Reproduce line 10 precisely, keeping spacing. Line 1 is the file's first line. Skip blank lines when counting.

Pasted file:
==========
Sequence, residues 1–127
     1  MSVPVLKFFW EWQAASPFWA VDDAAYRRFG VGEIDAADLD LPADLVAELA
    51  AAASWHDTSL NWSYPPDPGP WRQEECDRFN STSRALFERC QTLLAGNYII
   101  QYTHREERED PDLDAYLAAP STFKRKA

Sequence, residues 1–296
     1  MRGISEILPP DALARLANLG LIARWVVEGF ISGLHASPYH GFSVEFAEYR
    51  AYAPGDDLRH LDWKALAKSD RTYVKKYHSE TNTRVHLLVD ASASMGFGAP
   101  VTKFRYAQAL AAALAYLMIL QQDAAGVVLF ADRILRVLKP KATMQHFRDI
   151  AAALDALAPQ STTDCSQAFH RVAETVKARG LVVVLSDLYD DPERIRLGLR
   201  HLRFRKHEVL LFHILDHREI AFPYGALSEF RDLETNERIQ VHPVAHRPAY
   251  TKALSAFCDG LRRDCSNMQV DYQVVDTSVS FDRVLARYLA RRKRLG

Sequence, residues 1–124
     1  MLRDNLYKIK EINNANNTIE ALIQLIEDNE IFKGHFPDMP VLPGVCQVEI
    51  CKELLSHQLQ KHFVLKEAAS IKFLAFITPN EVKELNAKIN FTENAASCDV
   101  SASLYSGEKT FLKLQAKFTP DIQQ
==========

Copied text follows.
   201  HLRFRKHEVL LFHILDHREI AFPYGALSEF RDLETNERIQ VHPVAHRPAY